Religious Corporation Law: Everything You Need to Know
Religious corporation law is the set of rules that govern the formation and operation of religious corporations.3 min read
2. Board of Trustees
3. Who Is a Church Member?
4. The Clergy
6. Court Approval
Religious corporation law is the set of rules that govern the formation and operation of religious corporations. For instance, religious corporations are not allowed to do the following without the permission of the court or the attorney general:
- Sell their real property
- Mortgage their real property
- Lease their real property for more than five years
Plots, lots, or burial permits in a religious corporation-owned cemetery can be sold or can be partially or fully conveyed to a cemetery corporation without the permission of the court. However, no cemetery property of a religious corporation is allowed by law to be mortgaged while in use as a cemetery.
Is a Church a Corporation?
In New York, churches aren't considered corporations of any kind. Nevertheless, the archdiocese of the state is considered a religious corporation, which subjects the church itself to the Religious Corporation Law of New York. Such corporations can sell, buy, and lease properties. Furthermore, they can acquire loans by mortgaging a property owned by the church, if the court approves.
The Attorney General of New York must grant permission before these transactions can take place. This is because of the guiding rules that protect the property of churches from being sold under church members by a church leader or any individual who decides to take advantage of their position or influence to sell such property.
Board of Trustees
Several religious organizations also run other mission institutions such as schools, hospitals, wholesome-food eateries, and so on. The board of trustees generally manages the temporal affairs of religious organizations under the religious corporation law. The congregation usually elects the board of trustees. However, even religious congregations are not immune to disputes, which can arise and disrupt law and order.
Who Is a Church Member?
The law defines church members as those who are older than 18 years and regularly worship at the church in question. Some churches define members as those who partake in communion services regularly at the church or are baptized by the clergy of the church. If a dispute occurs, the court can assign an impartial mediator to verify who the real members are.
Disagreements concerning the hiring, paying, and firing of the clergy aren't totally strange. The extent to which the board of trustees has the power to hire or fire clergy is determined by specific aspects of the religious corporation law. It also depends on the kind of religion in question. If a church is connected to a bigger organization, the bigger organization may possess the exclusive right to decide the status of the clergy.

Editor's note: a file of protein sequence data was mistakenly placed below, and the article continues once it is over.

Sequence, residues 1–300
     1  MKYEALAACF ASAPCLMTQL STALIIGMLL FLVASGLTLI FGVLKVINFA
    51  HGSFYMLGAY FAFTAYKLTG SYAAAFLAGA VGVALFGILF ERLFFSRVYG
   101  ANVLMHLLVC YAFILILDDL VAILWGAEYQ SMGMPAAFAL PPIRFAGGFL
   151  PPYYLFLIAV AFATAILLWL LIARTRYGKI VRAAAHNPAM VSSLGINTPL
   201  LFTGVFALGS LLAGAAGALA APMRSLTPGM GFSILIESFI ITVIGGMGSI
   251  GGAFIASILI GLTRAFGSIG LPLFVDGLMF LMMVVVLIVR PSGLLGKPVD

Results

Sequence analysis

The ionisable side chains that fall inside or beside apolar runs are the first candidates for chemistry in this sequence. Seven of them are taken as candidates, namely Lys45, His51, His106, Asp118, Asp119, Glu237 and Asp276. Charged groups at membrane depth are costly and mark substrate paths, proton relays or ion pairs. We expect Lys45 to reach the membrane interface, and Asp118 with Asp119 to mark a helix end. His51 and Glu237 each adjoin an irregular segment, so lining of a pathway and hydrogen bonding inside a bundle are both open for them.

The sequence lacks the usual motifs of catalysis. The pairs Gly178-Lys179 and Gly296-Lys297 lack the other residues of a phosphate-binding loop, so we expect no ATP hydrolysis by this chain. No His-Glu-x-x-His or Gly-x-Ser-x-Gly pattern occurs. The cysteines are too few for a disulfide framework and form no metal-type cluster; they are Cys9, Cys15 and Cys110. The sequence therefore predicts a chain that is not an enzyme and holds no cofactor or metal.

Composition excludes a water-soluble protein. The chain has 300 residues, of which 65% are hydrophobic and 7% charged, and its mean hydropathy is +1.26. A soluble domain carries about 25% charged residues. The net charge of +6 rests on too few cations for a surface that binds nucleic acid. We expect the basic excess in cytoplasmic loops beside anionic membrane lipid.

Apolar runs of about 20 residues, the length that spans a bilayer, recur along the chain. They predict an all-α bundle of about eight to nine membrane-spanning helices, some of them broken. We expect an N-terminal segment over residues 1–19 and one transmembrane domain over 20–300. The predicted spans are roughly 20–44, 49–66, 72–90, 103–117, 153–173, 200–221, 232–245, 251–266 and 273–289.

Specific provisions of the religious corporation law additionally state that, under certain circumstances, the salary of the clergy must be authorized by a vote of the whole congregation at a duly convened meeting.
A religious organization can also create its own bylaws to govern its affairs in addition to the religious corporation law. The bylaws can define the following:
- Who qualifies to be a member of the board of trustees
- How many members the board should be made of
- How to resolve disputes
- How to generally govern the religious organization
In New York, there are two ways to acquire a court approval for a religious corporation's activities. One is by direct application to the New York Attorney General. This requires a legal procedure, which makes engaging an attorney's services a necessity. This option is best suited for cases where things are running normally and peacefully with little or no likelihood of church member disputes.
When the application process is more complicated, the second option should be followed. This option is better if there's a likelihood of church member opposition. To follow the second option, the church leadership must file a petition with the Supreme Court of New York in the county where the real property of the church is situated.
The filed petition must include the fine points of the transaction proposed and the authorization of the officials of the church administration on the documents provided. All relevant information must be turned in along with the proposed contract of sale or mortgage regarding the real property.
How the religious organization is managed can result in opposition and lawsuit. There also may be other legal complications in connection with how the church is run. That's why the church needs to engage the services of an attorney to help with the whole legal process.
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